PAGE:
Recently, connectionist models have been advanced. This opposes the information-processing accounts. It is more concerned with how the system develops. Connectionism is a concept based on theories of artificial ...
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"Textbook publishers are trying to stay relevant in this increasingly open and digital world–but at what cost?... The textbook industry is often called a broken market, as the end consumers do not select the product that they’re ultimately forced to buy. Students are able to choose from a number of options, thankfully, such as used and rental texts, but this compulsory e-book model threatens to make things even worse for them."
Word clouds tools have a great importance in education. Many teachers use them to perform several learning activities for their students. Generally speaking, a word cloud is a graphical representation of word frequency. It basically features the prominent words that are so often cited in a piece of text. I have already reviewed some popular word cloud generators here in Educational Technology and Mobile Learning but have not really gone into details as to how teachers can use them in education. This post, however, compensates for that shortage of information and provides you with a set of tips together with a list of free tools to help you discover and learn more about the educational uses of word clouds generators.
"A good majority of northern hemisphere and international schools are winding down the 2011-2012 school year and doors will be closing as the students and teachers take off on their summer adventure..."
A huge list of interesting sites for interactive learning, from memorising tables and keyboard skills to geography, storytelling, dictionaries, natural science ....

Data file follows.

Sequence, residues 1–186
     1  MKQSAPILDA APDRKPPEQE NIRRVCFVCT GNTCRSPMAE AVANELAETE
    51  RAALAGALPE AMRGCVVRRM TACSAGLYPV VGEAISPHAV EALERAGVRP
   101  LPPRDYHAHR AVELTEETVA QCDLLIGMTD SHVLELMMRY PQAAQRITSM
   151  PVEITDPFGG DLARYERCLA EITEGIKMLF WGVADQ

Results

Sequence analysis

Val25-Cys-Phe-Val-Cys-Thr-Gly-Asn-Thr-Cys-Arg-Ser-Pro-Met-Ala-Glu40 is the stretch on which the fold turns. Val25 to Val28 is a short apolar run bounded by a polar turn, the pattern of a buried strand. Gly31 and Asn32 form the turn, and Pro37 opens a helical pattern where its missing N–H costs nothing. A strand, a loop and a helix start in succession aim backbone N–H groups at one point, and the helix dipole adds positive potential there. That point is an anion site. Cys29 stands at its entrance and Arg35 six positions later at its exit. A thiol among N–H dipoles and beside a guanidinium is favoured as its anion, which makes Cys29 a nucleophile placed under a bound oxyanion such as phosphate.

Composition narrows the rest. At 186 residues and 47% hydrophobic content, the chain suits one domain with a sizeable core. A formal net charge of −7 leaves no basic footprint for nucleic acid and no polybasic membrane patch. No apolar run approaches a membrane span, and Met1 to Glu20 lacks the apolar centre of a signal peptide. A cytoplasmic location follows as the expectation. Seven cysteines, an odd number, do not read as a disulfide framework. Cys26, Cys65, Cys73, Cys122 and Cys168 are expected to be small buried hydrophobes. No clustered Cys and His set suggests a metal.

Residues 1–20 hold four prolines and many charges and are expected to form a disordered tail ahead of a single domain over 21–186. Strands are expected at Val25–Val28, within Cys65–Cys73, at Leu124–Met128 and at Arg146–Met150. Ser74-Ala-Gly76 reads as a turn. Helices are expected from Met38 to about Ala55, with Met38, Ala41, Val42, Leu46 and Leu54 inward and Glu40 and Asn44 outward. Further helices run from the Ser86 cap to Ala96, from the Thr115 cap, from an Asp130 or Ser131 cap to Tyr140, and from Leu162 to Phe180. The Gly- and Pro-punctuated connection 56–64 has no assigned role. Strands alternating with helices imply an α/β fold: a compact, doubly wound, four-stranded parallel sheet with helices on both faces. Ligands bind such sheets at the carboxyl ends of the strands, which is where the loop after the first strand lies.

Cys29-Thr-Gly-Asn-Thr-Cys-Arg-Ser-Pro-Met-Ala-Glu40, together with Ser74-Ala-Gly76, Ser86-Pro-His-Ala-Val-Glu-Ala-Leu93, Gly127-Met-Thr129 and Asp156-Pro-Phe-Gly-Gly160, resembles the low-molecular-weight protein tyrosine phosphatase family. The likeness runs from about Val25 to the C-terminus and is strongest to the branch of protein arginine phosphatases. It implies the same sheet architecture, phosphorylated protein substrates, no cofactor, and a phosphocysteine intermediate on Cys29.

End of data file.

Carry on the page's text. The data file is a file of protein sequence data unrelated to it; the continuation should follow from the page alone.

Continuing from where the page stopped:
Many things for the English language teacher to exploit for language learning.
TED Talks Ever heard the phrase "Those who can't do, teach"? At the Bowery Poetry Club, slam poet Taylor Mali begs to differ, and delivers a powerful, 3-minute response on behalf of educators everywhere.
"It started with a question, 'Where are all the Ph.D.'s?' Karen L. Klomparens, dean of the graduate school at Michigan State University, wanted to find out where 3,000 doctoral students who had graduated in the last 20 years were living and working. Knowing what kinds of jobs students are getting, she says, would help her learn more about how well the university's graduate programs are teaching students the professional skills they actually need."
Making the move from our safe and trusted traditional literacy habits to newer digital skills can be quite a challenge, but as teachers I think we are really unlikely to be able to use technology and help our students use technology really effectively unless we are prepared to face this challenge. Technology needs to be more than part of the way we teach but it also has to be part of the way we ourselves continue to learn and part of our everyday professional practice.
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